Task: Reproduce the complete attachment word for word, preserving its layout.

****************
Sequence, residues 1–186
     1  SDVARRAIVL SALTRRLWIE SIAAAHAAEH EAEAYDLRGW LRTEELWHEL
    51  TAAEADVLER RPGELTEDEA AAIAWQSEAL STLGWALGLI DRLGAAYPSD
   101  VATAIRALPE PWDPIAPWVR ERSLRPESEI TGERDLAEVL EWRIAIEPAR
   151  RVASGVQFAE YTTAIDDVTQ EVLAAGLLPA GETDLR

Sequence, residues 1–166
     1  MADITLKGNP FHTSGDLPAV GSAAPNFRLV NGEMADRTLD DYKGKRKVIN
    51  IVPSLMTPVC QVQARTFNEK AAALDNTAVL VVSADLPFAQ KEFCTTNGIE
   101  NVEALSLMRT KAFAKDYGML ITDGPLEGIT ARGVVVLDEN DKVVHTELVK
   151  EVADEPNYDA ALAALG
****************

Sequence, residues 1–186
     1  SDVARRAIVL SALTRRLWIE SIAAAHAAEH EAEAYDLRGW LRTEELWHEL
    51  TAAEADVLER RPGELTEDEA AAIAWQSEAL STLGWALGLI DRLGAAYPSD
   101  VATAIRALPE PWDPIAPWVR ERSLRPESEI TGERDLAEVL EWRIAIEPAR
   151  RVASGVQFAE YTTAIDDVTQ EVLAAGLLPA GETDLR

Sequence, residues 1–166
     1  MADITLKGNP FHTSGDLPAV GSAAPNFRLV NGEMADRTLD DYKGKRKVIN
    51  IVPSLMTPVC QVQARTFNEK AAALDNTAVL VVSADLPFAQ KEFCTTNGIE
   101  NVEALSLMRT KAFAKDYGML ITDGPLEGIT ARGVVVLDEN DKVVHTELVK
   151  EVADEPNYDA ALAALG